- OTC Treatments: Many mild migraines can be treated successfully with over-the-counter medications, particularly those combining acetaminophen, aspirin and caffeine, such as Excedrin Extra Strength, the first OTC medication approved specifically for migraine treatment. Naproxen (e.g., Aleve) is somewhat more effective than aspirin or ibuprofen (e.g., Advil). High doses of these nonsteroidal anti-inflammatory drugs (NSAIDs) such as aspirin, ibuprofen or naproxen, combined with metoclopramide (Reglan) to reduce nausea and vomiting, have been effective in several studies. Long-term use of NSAIDs can lead to gastrointestinal problems, including gastrointestinal bleeding.
- Triptans: These raise the level of serotonin in the brain, reducing the dilation of blood vessels, the source of the pain. Sumatriptan, the first drug developed for migraine, has been joined by several other triptans available in oral form and nasal sprays. Particularly when taken at the first sign of headache, these can be effective in as little as 15 minutes, and offer relief to most migraine sufferers. Side effects: nausea, dizziness, muscle weakness. Not recommended for women who are pregnant or for people with uncontrolled diabetes or cardiovascular conditions.
- Ergotamine: These drugs contract smooth muscles, including those in blood vessels, reducing the dilation of the blood vessels, which cause the headache pain. Dihydroergotamine (DHE), administered as a nasal spray, injection, as a suppository or orally, is particularly effective. It can be toxic at high levels. Pregnant women, those over 60, and those with chronic health problems should avoid these.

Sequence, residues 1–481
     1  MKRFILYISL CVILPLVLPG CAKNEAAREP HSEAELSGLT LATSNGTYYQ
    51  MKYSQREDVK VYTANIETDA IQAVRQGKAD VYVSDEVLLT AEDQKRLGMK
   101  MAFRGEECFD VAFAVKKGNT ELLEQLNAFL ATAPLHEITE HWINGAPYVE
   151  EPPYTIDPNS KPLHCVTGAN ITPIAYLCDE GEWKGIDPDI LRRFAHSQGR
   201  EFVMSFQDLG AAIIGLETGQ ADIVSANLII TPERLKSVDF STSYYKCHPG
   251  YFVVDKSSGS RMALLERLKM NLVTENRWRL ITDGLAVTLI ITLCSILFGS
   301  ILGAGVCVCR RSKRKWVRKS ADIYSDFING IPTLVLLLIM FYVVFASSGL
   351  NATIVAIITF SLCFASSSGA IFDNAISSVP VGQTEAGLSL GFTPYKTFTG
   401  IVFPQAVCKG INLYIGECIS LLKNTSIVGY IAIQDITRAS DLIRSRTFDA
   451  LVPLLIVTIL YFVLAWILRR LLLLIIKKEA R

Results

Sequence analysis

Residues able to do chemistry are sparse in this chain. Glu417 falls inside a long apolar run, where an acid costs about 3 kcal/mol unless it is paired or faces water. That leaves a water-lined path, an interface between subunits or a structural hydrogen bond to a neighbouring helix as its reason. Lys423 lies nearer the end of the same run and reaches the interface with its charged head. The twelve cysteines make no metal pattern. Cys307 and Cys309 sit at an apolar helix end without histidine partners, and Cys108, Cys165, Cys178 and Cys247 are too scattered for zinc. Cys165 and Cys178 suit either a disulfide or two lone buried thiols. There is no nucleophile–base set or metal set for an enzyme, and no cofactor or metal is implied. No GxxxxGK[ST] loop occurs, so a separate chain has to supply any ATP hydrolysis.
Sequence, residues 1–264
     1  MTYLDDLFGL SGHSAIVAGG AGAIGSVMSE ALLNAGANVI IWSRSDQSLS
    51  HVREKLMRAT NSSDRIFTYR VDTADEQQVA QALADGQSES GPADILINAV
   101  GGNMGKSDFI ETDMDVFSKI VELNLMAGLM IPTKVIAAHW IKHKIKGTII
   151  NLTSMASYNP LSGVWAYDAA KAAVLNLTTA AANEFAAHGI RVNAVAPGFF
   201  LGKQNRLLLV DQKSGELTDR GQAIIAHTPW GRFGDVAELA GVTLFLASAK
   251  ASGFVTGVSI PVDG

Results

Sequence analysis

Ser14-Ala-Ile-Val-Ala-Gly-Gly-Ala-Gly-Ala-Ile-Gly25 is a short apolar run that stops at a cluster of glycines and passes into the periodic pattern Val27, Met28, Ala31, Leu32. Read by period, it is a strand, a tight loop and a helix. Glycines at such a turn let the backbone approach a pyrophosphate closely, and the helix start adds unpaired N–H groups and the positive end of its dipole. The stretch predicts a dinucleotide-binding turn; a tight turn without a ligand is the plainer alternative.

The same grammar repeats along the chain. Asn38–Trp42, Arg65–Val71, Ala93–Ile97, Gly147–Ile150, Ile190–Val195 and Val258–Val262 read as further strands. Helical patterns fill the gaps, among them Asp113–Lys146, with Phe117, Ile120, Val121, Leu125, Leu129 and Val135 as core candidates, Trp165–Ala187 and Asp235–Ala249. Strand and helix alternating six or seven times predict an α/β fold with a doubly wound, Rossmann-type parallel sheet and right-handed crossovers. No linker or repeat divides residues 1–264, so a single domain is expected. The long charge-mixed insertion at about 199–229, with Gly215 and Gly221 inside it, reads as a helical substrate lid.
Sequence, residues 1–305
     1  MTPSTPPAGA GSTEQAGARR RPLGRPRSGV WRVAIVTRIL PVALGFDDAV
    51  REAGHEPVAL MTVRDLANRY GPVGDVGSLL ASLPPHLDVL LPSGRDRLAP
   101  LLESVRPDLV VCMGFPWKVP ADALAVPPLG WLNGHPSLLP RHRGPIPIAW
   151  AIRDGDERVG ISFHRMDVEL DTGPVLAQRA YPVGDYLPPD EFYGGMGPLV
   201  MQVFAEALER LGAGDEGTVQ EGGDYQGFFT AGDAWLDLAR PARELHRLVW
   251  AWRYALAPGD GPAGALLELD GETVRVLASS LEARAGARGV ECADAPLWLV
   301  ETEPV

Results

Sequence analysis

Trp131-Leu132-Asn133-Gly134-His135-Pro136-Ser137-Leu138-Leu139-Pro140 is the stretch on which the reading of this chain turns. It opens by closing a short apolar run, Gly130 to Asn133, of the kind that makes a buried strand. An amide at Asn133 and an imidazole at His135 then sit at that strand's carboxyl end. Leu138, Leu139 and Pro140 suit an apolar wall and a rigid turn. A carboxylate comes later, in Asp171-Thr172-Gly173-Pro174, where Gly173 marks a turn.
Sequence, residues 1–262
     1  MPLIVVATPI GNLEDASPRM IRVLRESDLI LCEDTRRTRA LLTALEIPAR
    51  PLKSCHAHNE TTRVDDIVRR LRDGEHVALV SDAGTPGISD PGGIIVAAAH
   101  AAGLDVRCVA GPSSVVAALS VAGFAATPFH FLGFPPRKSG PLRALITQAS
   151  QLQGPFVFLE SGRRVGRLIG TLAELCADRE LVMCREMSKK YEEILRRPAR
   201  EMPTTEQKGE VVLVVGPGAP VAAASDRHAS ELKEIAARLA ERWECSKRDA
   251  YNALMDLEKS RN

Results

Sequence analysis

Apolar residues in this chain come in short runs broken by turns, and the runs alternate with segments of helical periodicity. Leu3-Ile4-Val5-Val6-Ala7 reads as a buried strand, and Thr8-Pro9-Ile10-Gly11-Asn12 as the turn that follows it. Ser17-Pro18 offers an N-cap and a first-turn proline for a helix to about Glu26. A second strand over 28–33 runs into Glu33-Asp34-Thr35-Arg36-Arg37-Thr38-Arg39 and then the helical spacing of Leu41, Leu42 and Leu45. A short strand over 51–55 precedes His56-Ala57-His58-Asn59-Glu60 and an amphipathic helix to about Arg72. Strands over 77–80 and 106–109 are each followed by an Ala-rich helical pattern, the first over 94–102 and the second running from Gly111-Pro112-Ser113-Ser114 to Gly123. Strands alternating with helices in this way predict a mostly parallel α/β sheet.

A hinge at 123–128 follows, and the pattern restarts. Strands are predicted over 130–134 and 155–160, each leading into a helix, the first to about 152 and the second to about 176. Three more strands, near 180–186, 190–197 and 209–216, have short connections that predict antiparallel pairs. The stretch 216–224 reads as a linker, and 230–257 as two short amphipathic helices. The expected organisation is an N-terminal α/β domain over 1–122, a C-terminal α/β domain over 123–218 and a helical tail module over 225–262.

- Lidocaine: Nasal drops of this local anesthetic have been found to be effective in stopping or reducing headaches within a few minutes. In fact, in one study, it was effective in more than half the sufferers. Relapses are common, but the temporary relief can act as a bridge while other drugs take effect.
Preventing Migraines with Medications
Medications for Preventing Migraines
Those who suffer from chronic severe and disabling migraines (more than two or three each month) may benefit from these preventive medications. Each has significant side-effects and should be used under a doctor's supervision. These include:
- NSAIDs: Regular use of low-dose aspirin may reduce the occurrence of migraine, according to one study. Prescription-strength doses have also been found to reduce the frequency of headaches. Long-term use can lead to serious gastrointestinal problems, including bleeding of the stomach lining.
- Beta Blockers: Usually prescribed for cardiovascular disease, these medications can also reduce the frequency and severity of severe migraine.
- Anticonvulsants: Valproate and related drugs, used to treat epilepsy and bipolar disease, have recently been approved for the prevention of migraines.
- Antidepressants: Tricyclic antidepressants (amitriptyline (Elavil, Endep) and protriptyline (Vivactil) and selective serotonin-reuptake inhibitors or SSRIs (Prozac, Zoloft and Paxil) reduced the number and severity of migraine attacks by half in up to half of the patients in one study. The tricyclics are particularly effective for people who suffer from combined migraine and tension headaches.
- Calcium Channel Blockers: Also typically prescribed for heart patients, calcium blockers have been shown in clinical studies to be effective in preventing migraine. They may work by blocking the release of neurotransmitters (chemicals in the brain that stimulate nerve cells) involved in causing pain.